View Full Version : Excellent article in NYTimes...

10-25-2006, 09:07 AM
About the Braves efforts to draw fans. It's long, so I won't post it all here.

Also included was this graph showing comparative costs of attending games at the various parks.

10-25-2006, 10:04 AM
Interesting chart, but by all accounts I've read (not being an economist), they have their causation wrong. The prices are what they are because that's the price at which a team maximizes it's revenue. It's the top to the attendence/price curve.

Once income streams are somewhat fixed (and thus the pool of money available for player salaries determined), then athletes fight over their slice of the pie. It's not that players went in and demanded twice their salaries over the last decade. Rather, management, trying to secure the best talent, is willing to part with a certain percentage of their revenue to obtain that talent.

If less people were interested in attending & watching baseball games, the ticket prices would go down, as would player salaries. Notice that the bigger markets are at the top, where demand for a limited seat supply is at it's highest. George doesn't spend 200 million bucks and then think, hey, I better bump up those ticket prices. He maximizes his profit and then realizes he can spend 200 million on player salaries and still break even.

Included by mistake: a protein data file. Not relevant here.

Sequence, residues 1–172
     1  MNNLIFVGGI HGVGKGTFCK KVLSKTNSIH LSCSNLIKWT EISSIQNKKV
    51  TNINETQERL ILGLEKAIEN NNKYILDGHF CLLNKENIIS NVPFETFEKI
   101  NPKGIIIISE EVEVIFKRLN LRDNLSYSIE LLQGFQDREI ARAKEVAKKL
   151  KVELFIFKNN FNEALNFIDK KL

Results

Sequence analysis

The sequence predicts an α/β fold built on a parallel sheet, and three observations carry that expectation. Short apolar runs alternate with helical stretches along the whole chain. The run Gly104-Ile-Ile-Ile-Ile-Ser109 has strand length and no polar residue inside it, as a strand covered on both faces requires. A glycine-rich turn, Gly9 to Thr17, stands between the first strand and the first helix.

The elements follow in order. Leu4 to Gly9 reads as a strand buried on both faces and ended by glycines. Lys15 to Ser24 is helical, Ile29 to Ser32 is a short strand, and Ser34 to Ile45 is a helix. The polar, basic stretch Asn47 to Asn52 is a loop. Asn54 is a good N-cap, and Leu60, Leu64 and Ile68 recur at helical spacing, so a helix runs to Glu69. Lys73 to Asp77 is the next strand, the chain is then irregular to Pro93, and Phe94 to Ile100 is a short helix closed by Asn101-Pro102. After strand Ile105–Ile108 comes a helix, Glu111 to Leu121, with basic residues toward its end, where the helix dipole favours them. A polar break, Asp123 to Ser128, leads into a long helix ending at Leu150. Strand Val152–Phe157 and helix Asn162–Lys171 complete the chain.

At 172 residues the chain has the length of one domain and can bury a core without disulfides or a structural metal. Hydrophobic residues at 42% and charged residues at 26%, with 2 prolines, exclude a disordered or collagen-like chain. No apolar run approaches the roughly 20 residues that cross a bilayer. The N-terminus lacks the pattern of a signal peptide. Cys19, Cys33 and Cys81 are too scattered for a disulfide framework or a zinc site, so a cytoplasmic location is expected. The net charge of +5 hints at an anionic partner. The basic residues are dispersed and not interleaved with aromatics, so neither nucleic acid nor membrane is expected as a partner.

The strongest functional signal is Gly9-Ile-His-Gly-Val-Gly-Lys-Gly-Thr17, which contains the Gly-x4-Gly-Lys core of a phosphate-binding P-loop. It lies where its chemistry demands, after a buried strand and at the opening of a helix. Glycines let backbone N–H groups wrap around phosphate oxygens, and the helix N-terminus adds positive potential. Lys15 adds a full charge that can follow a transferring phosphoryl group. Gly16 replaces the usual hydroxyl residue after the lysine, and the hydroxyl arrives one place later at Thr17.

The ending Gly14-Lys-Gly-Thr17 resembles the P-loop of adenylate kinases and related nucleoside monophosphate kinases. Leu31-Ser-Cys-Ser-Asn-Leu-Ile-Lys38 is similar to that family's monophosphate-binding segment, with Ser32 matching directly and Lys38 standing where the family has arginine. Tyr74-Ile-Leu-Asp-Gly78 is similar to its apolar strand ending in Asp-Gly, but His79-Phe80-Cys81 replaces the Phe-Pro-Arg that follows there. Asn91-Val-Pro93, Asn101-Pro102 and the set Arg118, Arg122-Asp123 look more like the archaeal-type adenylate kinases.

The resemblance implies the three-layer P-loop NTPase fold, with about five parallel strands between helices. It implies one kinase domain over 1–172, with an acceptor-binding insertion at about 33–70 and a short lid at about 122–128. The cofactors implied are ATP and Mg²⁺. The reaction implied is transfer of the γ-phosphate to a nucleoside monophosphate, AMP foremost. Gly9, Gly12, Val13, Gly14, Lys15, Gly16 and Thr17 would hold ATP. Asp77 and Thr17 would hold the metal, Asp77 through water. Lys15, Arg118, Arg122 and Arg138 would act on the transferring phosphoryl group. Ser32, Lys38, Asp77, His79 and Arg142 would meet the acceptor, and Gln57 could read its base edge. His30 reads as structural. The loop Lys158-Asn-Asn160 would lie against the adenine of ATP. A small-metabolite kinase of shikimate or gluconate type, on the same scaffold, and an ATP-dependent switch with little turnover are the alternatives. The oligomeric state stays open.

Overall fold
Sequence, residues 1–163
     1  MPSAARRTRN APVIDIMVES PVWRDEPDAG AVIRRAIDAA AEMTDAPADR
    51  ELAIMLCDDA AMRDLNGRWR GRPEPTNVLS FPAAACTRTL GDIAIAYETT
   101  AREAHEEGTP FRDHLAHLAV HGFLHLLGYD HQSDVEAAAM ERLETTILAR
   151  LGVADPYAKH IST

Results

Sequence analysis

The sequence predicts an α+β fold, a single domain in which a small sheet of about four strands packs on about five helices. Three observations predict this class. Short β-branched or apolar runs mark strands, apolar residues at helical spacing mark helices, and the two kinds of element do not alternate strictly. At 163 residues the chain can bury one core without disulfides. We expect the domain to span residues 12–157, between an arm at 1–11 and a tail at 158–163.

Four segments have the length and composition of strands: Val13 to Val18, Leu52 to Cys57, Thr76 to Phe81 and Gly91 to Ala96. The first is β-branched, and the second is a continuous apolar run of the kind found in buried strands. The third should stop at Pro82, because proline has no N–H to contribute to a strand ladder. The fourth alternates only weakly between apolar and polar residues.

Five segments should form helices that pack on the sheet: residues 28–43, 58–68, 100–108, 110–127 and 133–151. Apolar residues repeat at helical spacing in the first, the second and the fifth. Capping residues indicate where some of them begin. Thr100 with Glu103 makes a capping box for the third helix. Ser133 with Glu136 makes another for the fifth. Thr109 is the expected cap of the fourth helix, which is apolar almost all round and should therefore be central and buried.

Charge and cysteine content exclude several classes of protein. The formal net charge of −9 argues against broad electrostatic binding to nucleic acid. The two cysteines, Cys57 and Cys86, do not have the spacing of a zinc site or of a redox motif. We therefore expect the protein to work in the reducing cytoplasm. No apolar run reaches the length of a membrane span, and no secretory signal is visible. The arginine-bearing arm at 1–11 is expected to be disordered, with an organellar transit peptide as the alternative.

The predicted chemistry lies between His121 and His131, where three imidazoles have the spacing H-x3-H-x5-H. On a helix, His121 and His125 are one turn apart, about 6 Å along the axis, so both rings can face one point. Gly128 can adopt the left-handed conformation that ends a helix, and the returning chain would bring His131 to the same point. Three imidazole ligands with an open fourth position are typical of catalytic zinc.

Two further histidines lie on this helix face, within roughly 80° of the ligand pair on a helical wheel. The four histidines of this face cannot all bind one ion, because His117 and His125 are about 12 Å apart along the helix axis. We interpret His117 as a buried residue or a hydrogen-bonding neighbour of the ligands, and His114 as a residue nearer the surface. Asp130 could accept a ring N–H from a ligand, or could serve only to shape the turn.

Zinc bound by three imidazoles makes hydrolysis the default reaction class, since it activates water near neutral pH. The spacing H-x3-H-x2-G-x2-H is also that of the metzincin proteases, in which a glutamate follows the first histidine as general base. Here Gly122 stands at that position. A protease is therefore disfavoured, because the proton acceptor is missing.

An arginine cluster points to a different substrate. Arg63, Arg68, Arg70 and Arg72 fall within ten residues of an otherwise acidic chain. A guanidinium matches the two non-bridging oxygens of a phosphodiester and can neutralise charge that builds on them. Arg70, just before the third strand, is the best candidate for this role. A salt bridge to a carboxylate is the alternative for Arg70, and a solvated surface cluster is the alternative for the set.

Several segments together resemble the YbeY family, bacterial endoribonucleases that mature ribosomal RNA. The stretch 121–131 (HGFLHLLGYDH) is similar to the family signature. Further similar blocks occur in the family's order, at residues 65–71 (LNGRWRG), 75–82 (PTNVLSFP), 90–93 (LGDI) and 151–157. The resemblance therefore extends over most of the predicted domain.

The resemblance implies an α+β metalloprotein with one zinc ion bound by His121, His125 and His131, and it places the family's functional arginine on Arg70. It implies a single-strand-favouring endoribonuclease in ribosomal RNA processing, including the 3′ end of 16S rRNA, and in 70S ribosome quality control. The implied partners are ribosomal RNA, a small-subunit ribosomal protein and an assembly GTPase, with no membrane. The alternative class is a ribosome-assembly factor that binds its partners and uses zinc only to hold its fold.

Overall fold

That all aside, who the heck buys two game programs and two baseball hats when they go to the games?

Johnny Footstool
10-25-2006, 11:11 AM
The KC Royals: baseball for the Wal-Mart crowd.

Chip R
10-25-2006, 01:32 PM
WITH the World Series upon us and the football season well under way, Mr. Plant’s efforts to emphasize the diversions at Turner Field are another reminder that American sports is a business — and that the games themselves are just one ring in a multiringed circus. A half-century ago, Bill Veeck, the owner at various times of the Cleveland Indians, St. Louis Browns and Chicago White Sox, was one of the first to push this idea. But in an era when baseball had little competition from football, basketball or television, Mr. Veeck was considered a showman trying to enliven his often-woeful teams.

These days, Mr. Veeck is an icon and the sideshows are front and center.

This article gives the impression that if Veeck were alive today, he would approve of all these "diversions" at the ballpark. But I wonder if he would. No doubt he was a wonderful promoter but he was, at heart, a baseball man and I think he might have a problem with things that took fans' attention away from the game. But maybe he wouldn't.

10-25-2006, 01:59 PM
As a Reds fan I have no complaint about the economics given that you can buy a $5 ticket.

My complaint is with the game "production." I dislike the music between batters and innings which drowns out my ability to talk to my family and friends. I dislike the sound effects, most noticeably the cartoon sounds played every time a foul ball bounces out of play. Nor do I care for the entertainment between innings on the video board. I don't have ADD. I don't need (or want) constant entertainment and stimuli (noise). So, in going after the youth crowd I'd bet that they turn off a large segment of the traditional crowd.

The restaurants and clubs mentioned in the article don't bother me one bit as they don't interfere with the game. If they can make more money having people eat while a game is played in the background, that's fine. It doesn't affect the real fans.